National Work Zone Safety Awareness Week is April 26 – 30
National Work Zone Awareness Week, April 26-30, is a timely reminder for motorists to stay alert for DOT and other workers. In 2020, work zone crashes and fatalities increased, despite lower traffic volumes due to COVID-19.
Distracted Driving Costs Lives
Even a small mistake by a driver or worker can be disastrous in and around a highway work zone. Highway workers are in a high-risk category, but statistically, motorists are even more at risk. According to the Federal Highway Administration (FHWA), most fatalities in work zones are motorists, not highway workers. The National Work Zone Safety Information Clearinghouse – which collects federal data – reported that in 2019, there were over 760 work zone fatal crashes that resulted in 842 deaths.
National Efforts to Increase Work Zone Safety
To combat this significant public safety issue, 48 states have banned text messaging for all drivers, while 25 states, including Virginia, prohibit all drivers from using handheld cellphones while driving. Using a handheld cell phone while driving, and especially in a work zone, can be a deadly choice.
Defensive Driving Tips for Work Zones
- Stay focused and alert in a work zone: DO NOT use a cell phone, change the radio, eat, apply makeup, or create a distraction from the road.
- Research your route. When possible, try to avoid work zones altogether and use detours when available.
- Lane closures and reduced speeds are common in work zones. Slow down when entering a work zone and pay careful attention to the presence of workers and machinery.
- Move into an open lane as soon as possible when approaching a lane closure. Remember to pay close attention to other vehicles around you, particularly in your blind spot.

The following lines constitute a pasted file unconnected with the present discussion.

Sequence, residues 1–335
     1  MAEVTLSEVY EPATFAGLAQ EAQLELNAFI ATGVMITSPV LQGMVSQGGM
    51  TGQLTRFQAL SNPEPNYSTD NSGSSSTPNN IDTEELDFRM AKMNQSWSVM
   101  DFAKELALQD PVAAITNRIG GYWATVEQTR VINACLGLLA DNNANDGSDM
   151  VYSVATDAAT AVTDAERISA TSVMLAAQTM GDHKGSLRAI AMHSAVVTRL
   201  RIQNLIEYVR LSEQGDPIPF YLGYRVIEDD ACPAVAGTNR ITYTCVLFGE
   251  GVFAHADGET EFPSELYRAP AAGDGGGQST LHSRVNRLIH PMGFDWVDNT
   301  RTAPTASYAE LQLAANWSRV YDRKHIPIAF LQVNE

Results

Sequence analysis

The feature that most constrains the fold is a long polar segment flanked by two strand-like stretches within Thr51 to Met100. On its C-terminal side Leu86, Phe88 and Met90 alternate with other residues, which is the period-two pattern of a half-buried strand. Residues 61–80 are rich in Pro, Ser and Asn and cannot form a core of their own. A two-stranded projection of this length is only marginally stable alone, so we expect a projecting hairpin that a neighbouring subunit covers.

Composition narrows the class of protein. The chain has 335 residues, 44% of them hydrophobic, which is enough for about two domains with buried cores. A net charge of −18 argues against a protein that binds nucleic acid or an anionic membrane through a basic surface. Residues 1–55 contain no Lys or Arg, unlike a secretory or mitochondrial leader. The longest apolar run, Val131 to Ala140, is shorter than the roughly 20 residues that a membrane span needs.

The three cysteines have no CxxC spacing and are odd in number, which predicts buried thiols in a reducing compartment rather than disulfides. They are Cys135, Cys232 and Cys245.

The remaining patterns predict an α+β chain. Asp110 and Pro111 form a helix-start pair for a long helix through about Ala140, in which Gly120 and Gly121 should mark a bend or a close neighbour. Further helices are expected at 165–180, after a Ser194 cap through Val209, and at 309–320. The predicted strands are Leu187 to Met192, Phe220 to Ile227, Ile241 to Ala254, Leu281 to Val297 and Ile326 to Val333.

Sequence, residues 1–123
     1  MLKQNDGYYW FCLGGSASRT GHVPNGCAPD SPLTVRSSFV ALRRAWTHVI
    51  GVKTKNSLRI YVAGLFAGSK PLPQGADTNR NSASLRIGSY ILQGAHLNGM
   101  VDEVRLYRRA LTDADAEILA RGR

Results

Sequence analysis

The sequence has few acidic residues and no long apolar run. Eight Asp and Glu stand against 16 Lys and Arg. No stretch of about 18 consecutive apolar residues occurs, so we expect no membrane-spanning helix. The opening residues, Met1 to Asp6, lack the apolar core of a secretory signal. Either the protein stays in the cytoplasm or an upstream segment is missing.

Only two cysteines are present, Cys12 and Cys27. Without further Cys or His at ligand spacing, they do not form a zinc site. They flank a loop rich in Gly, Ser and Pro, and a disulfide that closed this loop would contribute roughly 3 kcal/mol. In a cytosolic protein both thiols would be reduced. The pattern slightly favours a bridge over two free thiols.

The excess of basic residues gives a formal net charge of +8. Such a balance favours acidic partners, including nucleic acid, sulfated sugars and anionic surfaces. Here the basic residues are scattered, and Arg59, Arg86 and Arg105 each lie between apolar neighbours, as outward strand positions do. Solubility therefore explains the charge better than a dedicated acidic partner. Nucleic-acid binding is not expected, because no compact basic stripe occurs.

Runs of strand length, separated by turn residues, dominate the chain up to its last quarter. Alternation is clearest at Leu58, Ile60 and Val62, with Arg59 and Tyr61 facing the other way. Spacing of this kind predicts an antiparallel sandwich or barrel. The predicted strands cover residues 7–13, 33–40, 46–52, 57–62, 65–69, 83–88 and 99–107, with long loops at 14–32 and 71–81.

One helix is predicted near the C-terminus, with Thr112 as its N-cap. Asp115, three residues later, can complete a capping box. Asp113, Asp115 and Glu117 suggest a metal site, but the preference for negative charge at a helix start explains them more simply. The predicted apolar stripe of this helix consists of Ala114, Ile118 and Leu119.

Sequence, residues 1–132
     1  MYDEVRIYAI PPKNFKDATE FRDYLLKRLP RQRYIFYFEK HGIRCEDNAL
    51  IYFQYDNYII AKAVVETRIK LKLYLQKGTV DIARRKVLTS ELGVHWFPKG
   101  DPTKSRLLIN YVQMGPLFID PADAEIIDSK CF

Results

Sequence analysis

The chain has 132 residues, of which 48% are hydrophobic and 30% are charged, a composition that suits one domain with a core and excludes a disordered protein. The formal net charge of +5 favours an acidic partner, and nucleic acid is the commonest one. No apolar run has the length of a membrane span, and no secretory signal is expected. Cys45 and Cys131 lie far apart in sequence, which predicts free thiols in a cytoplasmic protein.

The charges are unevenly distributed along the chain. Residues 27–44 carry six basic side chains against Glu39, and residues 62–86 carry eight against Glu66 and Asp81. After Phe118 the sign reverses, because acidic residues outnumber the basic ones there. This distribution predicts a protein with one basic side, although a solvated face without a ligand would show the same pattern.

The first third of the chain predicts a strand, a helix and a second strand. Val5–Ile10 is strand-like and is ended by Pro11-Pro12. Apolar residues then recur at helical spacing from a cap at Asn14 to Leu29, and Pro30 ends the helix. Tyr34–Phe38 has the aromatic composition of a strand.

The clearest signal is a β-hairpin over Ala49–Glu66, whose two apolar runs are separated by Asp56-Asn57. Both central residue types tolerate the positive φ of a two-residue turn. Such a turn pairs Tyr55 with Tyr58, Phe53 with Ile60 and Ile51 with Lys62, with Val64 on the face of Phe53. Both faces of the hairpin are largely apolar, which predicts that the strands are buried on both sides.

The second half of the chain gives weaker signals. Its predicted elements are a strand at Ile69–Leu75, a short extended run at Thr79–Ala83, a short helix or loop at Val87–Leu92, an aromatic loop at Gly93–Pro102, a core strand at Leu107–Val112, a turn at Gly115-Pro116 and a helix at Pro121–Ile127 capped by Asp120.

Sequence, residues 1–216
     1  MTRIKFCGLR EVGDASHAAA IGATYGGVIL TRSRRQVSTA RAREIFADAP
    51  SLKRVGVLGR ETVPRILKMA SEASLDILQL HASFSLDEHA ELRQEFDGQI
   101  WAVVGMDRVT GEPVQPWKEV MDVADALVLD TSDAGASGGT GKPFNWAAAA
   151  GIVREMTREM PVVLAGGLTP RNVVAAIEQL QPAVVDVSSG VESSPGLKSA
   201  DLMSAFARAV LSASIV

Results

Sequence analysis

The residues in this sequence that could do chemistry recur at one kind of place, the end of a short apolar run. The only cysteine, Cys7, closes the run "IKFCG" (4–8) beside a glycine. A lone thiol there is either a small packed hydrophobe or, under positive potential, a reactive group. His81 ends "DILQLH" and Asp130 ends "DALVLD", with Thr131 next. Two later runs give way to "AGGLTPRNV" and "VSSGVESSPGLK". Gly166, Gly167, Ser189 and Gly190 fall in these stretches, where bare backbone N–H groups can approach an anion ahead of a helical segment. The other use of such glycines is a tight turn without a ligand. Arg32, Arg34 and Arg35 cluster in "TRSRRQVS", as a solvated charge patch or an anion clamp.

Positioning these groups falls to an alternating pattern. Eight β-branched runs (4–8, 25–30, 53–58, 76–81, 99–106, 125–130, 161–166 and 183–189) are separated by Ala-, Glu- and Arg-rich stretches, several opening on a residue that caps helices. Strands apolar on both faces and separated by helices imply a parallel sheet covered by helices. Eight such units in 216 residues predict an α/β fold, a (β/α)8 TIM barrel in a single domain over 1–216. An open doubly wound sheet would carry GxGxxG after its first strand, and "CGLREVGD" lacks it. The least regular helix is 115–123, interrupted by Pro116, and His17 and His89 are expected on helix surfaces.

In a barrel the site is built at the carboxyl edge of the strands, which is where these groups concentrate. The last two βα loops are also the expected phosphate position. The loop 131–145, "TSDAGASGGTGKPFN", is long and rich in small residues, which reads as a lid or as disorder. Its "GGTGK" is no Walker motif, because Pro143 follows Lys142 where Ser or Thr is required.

- Avoid trucks of all types when possible. They usually have limited visibility and cannot maneuver as well as smaller vehicles. Give them a lot of room in all driving situations.
- Because rear-end crashes are the most common types of collision in work zones, always maintain extra following distance between vehicles. Four seconds is the recommended following distance.
- Turn on your headlights, even if it is not required by law. It is good ‘driving practice’. Headlights ‘on’ is the equivalent of wearing a high visibility vest on your vehicle. This helps other drivers identify your presence.
Be Alert. Risks Abound Outside Work Zones
The risks and challenges associated with highway travel are not confined to defined work zones. There are numerous other activities on a road that can easily create impairment to safe travel, such as mowing, litter pick up, snow & ice control, law enforcement activity, animal hazard, standing water, pavement defect (i.e., pothole), etc.
While work zones are usually well marked with signage and devices, most of these other impairments offer minimal advance warning to motorists. The combination of ‘Boots on the Ground’ (that would be Pillar!), a distracted or impaired driver, failure to reduce speed or any of the other risks noted above can prove to be costly, if not deadly, if you aren’t paying attention.
When transiting work zones, remember to be patient and stay focused.
PILLAR employees and other work zone crew members across the nation diligently strive to improve our infrastructure and make the roads safer for everyone. Join PILLAR next week as we raise awareness for work zone safety.